The Latest Passport Information
Many potential tourists, and even potential expats, have delayed or foregone completely their plans to visit Mexico on a 2008 cruise or on a driving vacation because the process of getting a passport is so long these days. However, the January requirement for passports has been pushed back to at least Summer 2008. Until then, in order to cross the border, all an American citizen needs is a government-issued photo ID and proof of citizenship to travel to Mexico, Canada, or the Caribbean by land or sea. The proof of citizenship can be a birth certificate. Don’t forget – it needs to be an “official” birth certificate. Passports are still required for air travel to these areas. Oh – and when you are driving, don’t forget your car insurance and pet papers. Nobody will ever ask you about those pet papers, but you wouldn’t want to be without them if they do. And the car insurance is a must if you want to drive into Mexico.
For some time now, people who live on the Mexican side of the border, but work on the U.S. side, have had a permit card that lets them cross over and back without the inconvenience of having to stop. Now, as part of the Western Hemisphere Travel Initiative, there is to be a new, wallet size Passport Card that U.S. citizens can
use to travel to Mexico , Canada , and the Caribbean with no need of a passport quite yet. This will give U.S. citizens another year, until mid-2009, to get a passport. Individuals can begin applying for the cards on Feb. 1, 2008. They are $45 USD for adults and $35 USD for children, but only $20 USD for those who already have a passport. The Passport Card is only to be used for land and sea travel. Air travel still requires a passport. You can stay up-to-date on future passport and passport card developments here.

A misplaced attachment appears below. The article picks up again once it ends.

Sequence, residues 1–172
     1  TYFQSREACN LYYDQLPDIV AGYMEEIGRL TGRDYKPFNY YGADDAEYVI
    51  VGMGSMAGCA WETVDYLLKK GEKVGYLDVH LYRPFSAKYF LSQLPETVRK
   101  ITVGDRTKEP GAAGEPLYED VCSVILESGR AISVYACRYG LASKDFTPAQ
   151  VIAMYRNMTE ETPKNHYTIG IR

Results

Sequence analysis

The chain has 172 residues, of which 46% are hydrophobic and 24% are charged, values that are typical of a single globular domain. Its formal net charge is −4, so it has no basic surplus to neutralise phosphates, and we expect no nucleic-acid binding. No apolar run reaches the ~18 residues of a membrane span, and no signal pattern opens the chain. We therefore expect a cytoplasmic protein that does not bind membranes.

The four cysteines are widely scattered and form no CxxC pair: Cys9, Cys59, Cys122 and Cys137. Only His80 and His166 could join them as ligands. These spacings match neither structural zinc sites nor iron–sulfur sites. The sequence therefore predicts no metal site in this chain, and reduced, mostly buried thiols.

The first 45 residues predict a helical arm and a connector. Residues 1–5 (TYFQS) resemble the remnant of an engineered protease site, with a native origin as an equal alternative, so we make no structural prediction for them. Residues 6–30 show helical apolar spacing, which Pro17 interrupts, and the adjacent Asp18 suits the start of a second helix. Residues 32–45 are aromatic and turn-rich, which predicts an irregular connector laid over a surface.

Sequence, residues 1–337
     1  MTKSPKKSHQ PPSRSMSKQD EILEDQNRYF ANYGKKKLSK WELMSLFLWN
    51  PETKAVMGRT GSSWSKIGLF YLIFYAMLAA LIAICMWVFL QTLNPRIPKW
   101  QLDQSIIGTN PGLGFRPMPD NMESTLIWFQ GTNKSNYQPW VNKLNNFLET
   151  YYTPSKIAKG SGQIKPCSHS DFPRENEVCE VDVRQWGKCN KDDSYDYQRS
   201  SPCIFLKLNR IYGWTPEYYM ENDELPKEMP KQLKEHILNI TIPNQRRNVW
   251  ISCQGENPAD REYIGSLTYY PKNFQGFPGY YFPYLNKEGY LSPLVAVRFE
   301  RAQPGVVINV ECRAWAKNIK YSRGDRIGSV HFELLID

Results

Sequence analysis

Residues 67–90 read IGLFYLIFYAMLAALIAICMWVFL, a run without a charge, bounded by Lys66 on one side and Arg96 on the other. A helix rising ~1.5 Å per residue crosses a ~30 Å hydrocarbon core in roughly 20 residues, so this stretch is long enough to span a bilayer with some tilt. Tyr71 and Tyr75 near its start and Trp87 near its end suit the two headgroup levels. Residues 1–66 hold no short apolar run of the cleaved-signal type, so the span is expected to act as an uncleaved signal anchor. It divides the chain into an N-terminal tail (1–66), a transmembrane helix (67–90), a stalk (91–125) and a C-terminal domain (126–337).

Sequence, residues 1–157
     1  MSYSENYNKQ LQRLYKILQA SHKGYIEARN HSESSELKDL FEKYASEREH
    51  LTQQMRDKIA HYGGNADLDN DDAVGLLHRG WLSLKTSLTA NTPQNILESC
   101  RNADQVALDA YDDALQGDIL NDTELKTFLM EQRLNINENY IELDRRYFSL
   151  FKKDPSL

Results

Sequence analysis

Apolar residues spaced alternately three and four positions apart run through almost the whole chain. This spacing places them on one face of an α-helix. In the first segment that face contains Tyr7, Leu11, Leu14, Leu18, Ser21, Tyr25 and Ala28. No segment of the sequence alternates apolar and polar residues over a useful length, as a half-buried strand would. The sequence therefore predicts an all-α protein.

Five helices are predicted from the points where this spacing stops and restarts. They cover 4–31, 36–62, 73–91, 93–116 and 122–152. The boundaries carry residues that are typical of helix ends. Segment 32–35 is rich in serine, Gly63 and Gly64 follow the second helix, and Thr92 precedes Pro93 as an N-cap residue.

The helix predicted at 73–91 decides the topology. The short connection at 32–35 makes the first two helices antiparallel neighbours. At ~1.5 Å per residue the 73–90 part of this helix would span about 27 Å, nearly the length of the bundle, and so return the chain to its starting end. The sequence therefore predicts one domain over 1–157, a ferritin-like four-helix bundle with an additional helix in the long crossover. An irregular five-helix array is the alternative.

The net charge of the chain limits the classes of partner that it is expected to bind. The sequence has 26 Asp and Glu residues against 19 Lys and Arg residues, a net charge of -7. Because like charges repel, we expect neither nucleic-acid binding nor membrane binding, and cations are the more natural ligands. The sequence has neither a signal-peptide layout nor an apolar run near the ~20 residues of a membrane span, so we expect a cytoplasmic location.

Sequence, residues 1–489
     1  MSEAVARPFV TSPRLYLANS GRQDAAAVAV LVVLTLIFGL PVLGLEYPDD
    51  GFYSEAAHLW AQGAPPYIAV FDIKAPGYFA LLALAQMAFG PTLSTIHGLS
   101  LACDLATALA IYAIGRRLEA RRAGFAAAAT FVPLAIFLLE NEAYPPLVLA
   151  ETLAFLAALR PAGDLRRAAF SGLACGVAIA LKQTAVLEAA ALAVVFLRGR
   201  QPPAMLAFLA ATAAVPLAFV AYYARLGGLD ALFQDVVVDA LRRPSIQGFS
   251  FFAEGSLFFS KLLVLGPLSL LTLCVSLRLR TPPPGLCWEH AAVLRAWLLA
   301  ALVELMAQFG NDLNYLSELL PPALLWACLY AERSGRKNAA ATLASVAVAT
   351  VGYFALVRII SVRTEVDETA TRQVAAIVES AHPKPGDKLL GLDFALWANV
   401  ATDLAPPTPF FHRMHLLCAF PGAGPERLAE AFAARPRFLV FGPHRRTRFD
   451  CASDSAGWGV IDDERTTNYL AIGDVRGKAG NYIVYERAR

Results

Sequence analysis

The Chunchucmil Market
The story of the Chunchucmil Market is one of those stories that grows bigger every day. At first, there were reports that “somewhere in Yucatan ” soil analysis has turned up a pre-Columbian marketplace. That is no surprise to anyone who has ever lived in Yucatan and who has seen, up close, the complexity of the Mayan culture. But now, the Chunchucmil Market has turned out to be huge, possibly encompassing at least five towns (6.5 sq. km) on the other side of the salt marsh from Celestun. Researchers think it was connected to the Gulf by a canal that was 15 miles long. Even now, with the story in the New York Times and its own marvelous website, its hard to believe that our little Chunchucmil (with it’s beautiful semi-abandoned hacienda) once had a thriving population of almost 47,000 merchants.
Keep in mind, all of this didn’t exactly happen yesterday. Chunchucmil was founded about 300 B.C. and flourished as a huge regional market between 250 A.D. and 900 A.D. It was during this era that Yucatecos began building houses with stone walls around them, something we still see every single day. We can’t wait for the next installment in this ongoing research. Maybe we’ll find out exactly who the Chunchucmil merchants’ customers were. We think we’ll soon discover that there’s far more to the story of the Maya than anyone could ever have guessed.
Look! Yucatan From Space!